Which John Deere Would You Buy?

Here's my problem: I've got a home on 3 acres. About 3/4s of an acre is zoysia grass. Nothing's level; it slopes and undulates. So much so that I can't see mowing it with one the larger decks (bigger than 42") or one without anti scalp wheels. There's about another acre that's flat but with surface tree roots and lots of little rocks. It's never been seeded and it's mostly weeds and such. I mainly just mow it to keep it cleared. The rest is wooded and I occasionally swing through there with a mower to keep the underbrush beat back. I'm also needing a mower with a bagger because there's a lot of leaves that fall on the zoysia grass. (I don't really care about bagging them on the rest of the property.) My thinking is that by not going above a 42" deck then I also won't have to buy one of those more expensive power assisted baggers.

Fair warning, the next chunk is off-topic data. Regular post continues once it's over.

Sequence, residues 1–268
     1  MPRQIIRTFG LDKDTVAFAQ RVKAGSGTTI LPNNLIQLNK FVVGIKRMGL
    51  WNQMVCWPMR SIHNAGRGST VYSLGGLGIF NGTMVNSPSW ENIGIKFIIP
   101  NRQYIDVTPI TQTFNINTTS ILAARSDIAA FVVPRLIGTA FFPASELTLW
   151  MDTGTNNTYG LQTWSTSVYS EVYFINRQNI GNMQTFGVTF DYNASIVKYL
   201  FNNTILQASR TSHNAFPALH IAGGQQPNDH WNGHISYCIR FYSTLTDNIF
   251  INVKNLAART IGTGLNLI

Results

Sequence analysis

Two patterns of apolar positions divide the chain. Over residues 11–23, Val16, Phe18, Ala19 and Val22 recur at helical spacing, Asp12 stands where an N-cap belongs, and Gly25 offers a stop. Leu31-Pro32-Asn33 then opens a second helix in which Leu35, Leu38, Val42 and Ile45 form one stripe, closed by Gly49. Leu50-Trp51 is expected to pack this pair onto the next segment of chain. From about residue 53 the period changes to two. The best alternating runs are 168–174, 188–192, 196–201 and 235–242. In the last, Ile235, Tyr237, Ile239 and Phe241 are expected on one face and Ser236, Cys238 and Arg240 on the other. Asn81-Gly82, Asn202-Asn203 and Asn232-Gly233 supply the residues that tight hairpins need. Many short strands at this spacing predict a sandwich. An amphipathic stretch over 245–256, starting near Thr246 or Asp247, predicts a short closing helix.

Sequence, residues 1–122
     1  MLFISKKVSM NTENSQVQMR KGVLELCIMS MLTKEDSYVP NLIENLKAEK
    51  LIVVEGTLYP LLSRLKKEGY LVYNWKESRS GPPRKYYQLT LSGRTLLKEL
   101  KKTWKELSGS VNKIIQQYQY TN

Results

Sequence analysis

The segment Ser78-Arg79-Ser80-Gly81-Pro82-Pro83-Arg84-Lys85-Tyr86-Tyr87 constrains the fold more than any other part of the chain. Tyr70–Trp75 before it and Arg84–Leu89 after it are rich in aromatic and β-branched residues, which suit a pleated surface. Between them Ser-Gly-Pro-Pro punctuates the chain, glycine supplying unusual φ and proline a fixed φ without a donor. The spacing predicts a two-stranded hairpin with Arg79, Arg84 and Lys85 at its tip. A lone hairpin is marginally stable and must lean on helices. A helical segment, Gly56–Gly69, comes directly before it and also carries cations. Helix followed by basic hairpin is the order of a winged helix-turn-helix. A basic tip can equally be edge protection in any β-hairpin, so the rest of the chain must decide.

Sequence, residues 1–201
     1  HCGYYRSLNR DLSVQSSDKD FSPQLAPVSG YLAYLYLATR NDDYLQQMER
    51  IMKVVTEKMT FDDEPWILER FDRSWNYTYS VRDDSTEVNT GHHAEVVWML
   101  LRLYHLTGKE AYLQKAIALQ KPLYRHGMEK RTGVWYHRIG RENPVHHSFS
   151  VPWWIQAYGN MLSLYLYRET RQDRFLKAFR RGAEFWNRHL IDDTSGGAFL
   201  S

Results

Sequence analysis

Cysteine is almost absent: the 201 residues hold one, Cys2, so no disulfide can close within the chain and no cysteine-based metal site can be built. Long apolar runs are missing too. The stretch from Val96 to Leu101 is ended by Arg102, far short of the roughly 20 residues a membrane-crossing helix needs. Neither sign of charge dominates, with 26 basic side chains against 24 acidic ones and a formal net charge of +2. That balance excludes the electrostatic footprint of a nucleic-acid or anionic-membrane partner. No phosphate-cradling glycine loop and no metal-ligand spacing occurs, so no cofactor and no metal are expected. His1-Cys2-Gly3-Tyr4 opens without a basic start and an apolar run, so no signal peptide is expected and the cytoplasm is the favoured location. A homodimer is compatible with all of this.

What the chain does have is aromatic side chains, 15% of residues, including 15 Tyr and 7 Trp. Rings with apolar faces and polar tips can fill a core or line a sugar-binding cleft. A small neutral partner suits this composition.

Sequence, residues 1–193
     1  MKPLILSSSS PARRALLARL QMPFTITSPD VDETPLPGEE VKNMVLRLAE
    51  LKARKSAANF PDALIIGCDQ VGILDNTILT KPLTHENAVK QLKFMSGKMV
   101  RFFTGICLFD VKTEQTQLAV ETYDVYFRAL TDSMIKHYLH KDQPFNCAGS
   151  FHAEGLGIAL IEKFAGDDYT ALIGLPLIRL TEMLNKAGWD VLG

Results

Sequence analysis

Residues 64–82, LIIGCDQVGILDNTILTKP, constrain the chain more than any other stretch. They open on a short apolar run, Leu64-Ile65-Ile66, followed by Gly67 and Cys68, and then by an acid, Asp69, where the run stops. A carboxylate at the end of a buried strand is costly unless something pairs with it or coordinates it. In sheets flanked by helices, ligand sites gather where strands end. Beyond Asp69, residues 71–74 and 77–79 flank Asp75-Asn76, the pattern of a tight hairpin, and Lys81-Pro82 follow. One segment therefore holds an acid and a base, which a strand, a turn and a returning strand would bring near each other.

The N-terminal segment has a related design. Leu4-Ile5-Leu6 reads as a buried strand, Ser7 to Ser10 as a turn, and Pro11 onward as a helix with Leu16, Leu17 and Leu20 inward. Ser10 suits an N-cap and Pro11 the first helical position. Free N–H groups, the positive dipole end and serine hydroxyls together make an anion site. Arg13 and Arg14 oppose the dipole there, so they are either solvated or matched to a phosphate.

I've mowed the lot with a neighbor's LX255 (5 year's old, single cylinder, 15 horsepower) It did an OK job but it lugged a little going uphill through thick zoysia so I'm thinking more horsepower and 2 cylinders would be a nice improvement.
So, in looking for a 2 cylinder John Deere with a 42" deck, I'm looking at an L120, LT180 and an LX 280 models. Home Depot is currently discounting the L series tractors by $200 - 300. When I talked to the JD dealer about discounts for the LX he said that they really didn't have a slow sales period and offer discounts but he could drop it $50 to 100.
Here's my question: Would you buy the cheaper L tractor, (about $2,000). Or, invest in the LX version? ($4,000). Is the LX twice as good? Last twice as long under similar care and conditions?
TIA
John
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Get the best one you can afford.
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I have a John Deere Sabre model 1438 HS with a 14.5 B&S engine on a 38-inch deck used on 1.5 acres. Now with the bigger 42" decks and hills in your case I would go with no less than a 20hp plus motor.